Education

Student Leaders At Ohio University Condemn Trump Drawing As Racially Offensive

Scott Greer Contributor

The governing bodies for fraternity and sorority life at Ohio University (OU) have collectively denounced the drawing of a message supporting Donald Trump on campus because it was “offensive” to Hispanics and didn’t promote “inclusion.”

In a joint letter sent to students affiliated with Ohio’s Greek Life, the student-led executive councils said that they have made a concerted effort to include everyone in this year’s Greek Week activities, but an illustration of a wall — captioned “Build That Wall!” — on a part of campus specifically designed for free expression have jeopardized those efforts.

Trump Wall at Ohio University (Photo provided by student)

Trump Wall at Ohio University (Photo provided by student)

While not identifying specifically who drew the wall, the statement claims the perpetrators were from the Greek community.

“It is the opinion of leaders within our community that this message is one that does not promote inclusion and in fact, alienated members of the Ohio University Sorority and Fraternity community and our Bobcat [school mascot] family,” the letter reads. “The phrase is offensive and hurtful to many individuals as it is directly tied to the Hispanic/Latino/a community, makes them feel marginalized, and the message was interpreted that they don’t belong at Ohio University.”

The letter went on to state that those who were “negatively affected” by the wall drawing sought support from their peers, but “were ultimately not met with comfort.”

In response to this massive level of discomfort, the Greek councils decided to alter the schedule for Greek Week — which is taking place this week — to focus more on “inclusion” and to not approve any events with alcohol.

One of the changes to the schedule involves leaders having to stand behind a motivational speaker give a talk on “Leading Imperfectly” and participate in an open mic event Wednesday that allows members of the community to air grievances.

The letter — signed by the Interfraternity Council, the Multicultural Greek Council, National Pan-Hellenic Council and Women’s Panhellenic Association — emphasized the changes weren’t a punishment, it was just them “holding each other accountable.”

Ohio University President Roderick J. McDavis commented on the incident in an email sent to all OU students Monday.

“Yesterday, I met with students and members of our Hispanic/Latino community who saw words that troubled them on the Graffiti Wall. Indeed, this wall is a place of free speech and expression; however, the words painted were troubling because they had a very different meaning to some than they may have to others viewing the message or even to those who painted the message,” McDavis wrote.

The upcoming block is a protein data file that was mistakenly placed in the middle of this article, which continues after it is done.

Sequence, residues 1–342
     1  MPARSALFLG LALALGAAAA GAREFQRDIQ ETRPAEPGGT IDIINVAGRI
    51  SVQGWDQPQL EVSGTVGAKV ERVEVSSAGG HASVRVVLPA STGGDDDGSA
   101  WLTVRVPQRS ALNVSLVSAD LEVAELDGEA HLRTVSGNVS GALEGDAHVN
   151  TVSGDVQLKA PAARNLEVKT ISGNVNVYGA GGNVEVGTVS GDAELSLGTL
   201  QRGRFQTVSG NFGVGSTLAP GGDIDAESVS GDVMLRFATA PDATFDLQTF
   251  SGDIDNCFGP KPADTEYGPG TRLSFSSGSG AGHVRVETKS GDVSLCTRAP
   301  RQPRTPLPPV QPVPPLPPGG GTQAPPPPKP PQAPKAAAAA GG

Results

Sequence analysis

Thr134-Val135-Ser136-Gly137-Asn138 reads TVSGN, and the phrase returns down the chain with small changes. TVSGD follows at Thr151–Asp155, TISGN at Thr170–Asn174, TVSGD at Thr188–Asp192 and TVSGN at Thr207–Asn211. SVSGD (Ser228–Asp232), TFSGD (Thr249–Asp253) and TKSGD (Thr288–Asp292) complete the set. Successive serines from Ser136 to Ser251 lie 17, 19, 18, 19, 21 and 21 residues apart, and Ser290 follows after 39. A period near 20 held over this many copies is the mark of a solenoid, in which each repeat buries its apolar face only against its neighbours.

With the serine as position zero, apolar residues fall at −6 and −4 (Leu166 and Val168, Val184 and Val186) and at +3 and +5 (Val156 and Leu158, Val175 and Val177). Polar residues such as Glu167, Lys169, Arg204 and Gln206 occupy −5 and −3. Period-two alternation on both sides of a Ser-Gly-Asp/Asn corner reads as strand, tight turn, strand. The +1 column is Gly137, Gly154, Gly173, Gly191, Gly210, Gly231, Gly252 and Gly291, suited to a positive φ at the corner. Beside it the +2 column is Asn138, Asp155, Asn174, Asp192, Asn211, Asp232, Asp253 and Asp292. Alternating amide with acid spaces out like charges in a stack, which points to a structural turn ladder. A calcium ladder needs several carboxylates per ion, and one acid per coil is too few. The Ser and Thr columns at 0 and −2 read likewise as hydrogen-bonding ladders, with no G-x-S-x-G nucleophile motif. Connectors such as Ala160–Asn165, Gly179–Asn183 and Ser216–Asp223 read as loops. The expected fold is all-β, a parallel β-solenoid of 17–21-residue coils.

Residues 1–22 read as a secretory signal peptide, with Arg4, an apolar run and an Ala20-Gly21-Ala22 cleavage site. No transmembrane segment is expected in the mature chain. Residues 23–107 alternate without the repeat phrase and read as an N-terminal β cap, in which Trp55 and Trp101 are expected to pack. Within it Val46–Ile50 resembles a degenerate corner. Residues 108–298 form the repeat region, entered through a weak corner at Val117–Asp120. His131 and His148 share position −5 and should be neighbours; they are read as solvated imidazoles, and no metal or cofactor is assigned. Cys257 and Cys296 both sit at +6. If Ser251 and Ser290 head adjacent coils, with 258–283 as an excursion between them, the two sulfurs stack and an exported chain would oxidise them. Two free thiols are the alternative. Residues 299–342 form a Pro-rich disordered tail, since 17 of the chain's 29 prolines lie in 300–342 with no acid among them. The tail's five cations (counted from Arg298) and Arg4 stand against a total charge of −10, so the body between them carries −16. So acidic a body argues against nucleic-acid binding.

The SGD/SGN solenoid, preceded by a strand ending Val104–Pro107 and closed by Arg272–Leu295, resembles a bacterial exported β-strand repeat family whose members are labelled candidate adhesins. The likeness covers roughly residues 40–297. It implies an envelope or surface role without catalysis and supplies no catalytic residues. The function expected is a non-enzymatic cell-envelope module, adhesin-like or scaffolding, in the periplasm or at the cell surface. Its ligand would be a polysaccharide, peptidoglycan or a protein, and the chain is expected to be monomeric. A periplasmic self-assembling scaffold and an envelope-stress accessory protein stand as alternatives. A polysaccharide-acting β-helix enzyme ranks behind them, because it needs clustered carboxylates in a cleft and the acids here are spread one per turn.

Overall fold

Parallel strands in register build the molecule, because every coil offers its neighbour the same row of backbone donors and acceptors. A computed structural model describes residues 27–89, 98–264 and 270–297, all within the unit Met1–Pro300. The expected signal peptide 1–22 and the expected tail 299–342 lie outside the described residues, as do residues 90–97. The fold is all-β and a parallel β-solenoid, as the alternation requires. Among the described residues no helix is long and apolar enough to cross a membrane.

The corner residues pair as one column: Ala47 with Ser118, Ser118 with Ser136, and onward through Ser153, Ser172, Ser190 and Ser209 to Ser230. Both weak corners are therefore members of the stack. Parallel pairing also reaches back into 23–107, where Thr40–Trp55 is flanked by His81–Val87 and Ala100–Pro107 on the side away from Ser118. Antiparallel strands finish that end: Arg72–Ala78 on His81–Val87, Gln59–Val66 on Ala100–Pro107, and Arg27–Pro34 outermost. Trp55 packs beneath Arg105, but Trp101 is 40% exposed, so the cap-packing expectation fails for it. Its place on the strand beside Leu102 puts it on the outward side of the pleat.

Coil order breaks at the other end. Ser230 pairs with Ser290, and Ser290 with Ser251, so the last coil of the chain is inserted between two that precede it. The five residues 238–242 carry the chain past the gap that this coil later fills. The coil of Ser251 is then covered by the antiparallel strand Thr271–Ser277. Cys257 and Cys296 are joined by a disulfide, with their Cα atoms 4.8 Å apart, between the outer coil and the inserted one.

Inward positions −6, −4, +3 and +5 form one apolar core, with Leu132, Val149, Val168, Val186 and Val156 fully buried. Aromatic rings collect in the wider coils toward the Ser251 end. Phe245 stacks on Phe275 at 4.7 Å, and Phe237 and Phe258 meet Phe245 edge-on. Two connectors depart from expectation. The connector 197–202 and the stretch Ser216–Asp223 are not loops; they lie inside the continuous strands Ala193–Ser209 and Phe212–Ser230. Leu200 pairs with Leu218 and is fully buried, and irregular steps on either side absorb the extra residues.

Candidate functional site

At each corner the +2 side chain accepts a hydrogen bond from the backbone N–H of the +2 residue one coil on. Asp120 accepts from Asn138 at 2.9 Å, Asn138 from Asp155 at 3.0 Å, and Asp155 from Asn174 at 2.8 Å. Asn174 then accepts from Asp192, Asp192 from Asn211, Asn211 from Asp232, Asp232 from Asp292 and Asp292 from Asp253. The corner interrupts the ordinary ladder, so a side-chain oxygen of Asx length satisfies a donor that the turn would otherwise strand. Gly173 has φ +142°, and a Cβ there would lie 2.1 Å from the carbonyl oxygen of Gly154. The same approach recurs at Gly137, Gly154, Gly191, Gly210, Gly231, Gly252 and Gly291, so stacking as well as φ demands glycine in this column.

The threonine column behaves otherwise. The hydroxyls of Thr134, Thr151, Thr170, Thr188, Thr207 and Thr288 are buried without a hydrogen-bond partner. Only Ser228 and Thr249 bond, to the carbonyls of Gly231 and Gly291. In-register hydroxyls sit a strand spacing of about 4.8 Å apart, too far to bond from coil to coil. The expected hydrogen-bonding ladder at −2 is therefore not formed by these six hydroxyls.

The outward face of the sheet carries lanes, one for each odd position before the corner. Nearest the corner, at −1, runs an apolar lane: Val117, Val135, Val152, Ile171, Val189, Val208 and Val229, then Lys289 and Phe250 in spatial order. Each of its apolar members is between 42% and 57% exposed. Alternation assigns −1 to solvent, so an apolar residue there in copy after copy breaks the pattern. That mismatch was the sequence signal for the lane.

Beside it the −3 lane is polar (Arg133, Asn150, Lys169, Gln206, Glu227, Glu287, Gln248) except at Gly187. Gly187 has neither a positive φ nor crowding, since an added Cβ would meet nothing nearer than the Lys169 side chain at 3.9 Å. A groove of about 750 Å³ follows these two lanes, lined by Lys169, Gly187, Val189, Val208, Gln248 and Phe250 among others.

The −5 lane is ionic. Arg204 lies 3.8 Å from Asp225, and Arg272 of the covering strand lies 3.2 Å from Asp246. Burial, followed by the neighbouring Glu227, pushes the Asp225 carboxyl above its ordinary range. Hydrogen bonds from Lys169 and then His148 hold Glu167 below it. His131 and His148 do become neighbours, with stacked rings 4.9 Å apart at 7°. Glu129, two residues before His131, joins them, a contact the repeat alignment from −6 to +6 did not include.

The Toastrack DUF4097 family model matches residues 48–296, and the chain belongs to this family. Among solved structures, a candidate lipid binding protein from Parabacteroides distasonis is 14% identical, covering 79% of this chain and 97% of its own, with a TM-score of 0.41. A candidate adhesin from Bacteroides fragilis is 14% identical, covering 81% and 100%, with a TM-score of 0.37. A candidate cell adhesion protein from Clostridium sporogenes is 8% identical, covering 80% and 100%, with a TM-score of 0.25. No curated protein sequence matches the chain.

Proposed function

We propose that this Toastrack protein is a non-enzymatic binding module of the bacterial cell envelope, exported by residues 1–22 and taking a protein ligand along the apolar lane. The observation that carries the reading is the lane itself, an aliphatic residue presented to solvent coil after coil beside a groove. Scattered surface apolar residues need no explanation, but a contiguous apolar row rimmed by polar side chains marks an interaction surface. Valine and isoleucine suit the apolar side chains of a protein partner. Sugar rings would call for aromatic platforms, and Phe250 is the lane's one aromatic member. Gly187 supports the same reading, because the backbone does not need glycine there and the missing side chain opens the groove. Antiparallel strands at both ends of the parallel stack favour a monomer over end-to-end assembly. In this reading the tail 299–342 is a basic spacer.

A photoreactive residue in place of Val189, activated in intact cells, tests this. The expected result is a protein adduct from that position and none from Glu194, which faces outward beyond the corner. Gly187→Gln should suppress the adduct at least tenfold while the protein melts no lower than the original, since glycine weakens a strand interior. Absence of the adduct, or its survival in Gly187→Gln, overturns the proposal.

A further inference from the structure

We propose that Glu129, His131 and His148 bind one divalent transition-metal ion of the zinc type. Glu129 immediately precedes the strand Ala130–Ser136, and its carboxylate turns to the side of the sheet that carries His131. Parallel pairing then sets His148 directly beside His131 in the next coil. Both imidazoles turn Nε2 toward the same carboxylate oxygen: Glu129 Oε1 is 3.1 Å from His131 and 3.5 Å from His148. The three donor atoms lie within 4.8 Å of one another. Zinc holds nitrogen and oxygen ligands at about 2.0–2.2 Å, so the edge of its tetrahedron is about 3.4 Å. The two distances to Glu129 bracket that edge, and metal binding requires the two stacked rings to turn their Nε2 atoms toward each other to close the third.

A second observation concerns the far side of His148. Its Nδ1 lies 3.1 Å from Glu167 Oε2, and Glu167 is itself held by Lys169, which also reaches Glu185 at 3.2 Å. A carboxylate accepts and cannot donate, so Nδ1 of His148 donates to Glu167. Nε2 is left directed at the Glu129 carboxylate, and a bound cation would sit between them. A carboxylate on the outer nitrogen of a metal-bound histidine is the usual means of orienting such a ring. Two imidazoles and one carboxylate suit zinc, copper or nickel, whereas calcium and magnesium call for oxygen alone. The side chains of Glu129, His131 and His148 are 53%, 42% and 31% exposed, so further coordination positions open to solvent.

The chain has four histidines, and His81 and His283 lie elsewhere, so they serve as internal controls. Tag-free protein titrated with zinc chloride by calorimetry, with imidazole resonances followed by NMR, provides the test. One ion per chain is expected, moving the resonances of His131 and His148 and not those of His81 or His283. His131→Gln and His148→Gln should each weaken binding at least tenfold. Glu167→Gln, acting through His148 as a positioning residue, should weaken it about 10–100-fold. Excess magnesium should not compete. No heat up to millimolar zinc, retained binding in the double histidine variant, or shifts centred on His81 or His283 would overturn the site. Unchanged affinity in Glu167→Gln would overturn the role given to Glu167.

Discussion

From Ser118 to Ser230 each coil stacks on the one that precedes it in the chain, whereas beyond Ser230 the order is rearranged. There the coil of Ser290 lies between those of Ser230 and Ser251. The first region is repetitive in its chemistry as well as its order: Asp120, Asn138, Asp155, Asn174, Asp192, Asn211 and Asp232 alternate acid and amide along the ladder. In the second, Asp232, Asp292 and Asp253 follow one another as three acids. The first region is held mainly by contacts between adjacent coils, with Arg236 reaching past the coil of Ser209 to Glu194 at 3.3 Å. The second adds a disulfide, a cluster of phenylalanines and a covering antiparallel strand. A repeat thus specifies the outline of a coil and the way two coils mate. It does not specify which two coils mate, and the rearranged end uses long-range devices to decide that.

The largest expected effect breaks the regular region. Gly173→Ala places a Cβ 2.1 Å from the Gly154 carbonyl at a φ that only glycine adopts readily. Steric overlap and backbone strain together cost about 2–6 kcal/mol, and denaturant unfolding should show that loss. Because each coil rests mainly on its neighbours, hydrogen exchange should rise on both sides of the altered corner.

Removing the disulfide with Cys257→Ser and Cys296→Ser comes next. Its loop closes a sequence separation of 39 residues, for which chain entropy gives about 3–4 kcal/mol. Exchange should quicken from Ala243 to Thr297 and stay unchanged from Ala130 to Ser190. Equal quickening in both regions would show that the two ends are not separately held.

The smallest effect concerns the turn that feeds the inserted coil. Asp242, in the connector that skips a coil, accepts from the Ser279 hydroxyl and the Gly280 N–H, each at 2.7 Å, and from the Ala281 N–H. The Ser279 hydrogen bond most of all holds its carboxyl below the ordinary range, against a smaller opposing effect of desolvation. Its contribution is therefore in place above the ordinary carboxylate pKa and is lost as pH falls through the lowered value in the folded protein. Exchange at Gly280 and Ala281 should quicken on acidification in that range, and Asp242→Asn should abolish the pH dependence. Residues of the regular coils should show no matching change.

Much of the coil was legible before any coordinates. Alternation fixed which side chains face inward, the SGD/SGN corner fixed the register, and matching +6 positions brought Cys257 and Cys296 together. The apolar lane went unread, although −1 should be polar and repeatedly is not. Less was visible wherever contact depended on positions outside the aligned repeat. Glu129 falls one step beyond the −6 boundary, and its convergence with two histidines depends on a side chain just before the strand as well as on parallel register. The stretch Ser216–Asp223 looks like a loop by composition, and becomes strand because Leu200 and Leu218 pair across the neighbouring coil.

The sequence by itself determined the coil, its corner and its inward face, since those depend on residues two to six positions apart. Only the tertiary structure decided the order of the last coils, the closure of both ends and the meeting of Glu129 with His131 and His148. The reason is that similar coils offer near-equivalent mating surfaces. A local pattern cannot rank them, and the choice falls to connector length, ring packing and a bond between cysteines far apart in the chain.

The president continued his message by stressing the school’s commitment to diversity and how “everlasting” words can be.

“We have consistently been a national leader when it comes to inclusion. We have made equality and diversity a campus-wide priority throughout our storied 212-year history and we will continue to do so – I can promise you that,” he wrote. “Words are only temporary, however, their impact can be everlasting. So, to the members of the Bobcat community who were hurt by yesterday’s words, here are my words to you: I value you. I believe in you. I support you.”

McDavis held an emergency meeting with Latino student leaders last week over the incident and mandating “cultural competency” courses was an idea discussed at the sit-down, according to Campus Reform.

A member of OU’s fraternity and sorority community spoke to The Daily Caller about the incident on the condition of anonymity over fears he and his organization would be punished for speaking to the press.

He said that outrage over the mural came from the school’s African-American and multicultural Greek organizations and they threatened to boycott Greek Week if nothing was done in response to the incident. He believes the cancelling of events and addition of events promoting inclusion and acceptance is a punishment inflicted upon students for expressing their support for a particular presidential candidate. (RELATED: Is It Now A Hate Crime To Support Donald Trump On A College Campus?)

“This is a direct punishment towards those who expressed their support of Trump on the wall, but it also extends to punishing all of Greek life,” the Ohio student told TheDC. “All at a public university.”

Chalkings and drawings created by college students to support Trump have caused controversies at campuses all across the country recently. (RELATED: The Frat Site That Helped Ignite #TheChalkening Speaks Out)

Examples of the outrage include Emory University students demanding counselling after witnessing pro-Trump chalkings on campus in March and student leaders at the University of Tennessee – Chattanooga trying to oust a fellow SGA representative over her participation in a Trump drawing. (RELATED: Student Leaders At Public University STILL Want To Oust Fellow Rep Over Trump Chalking)

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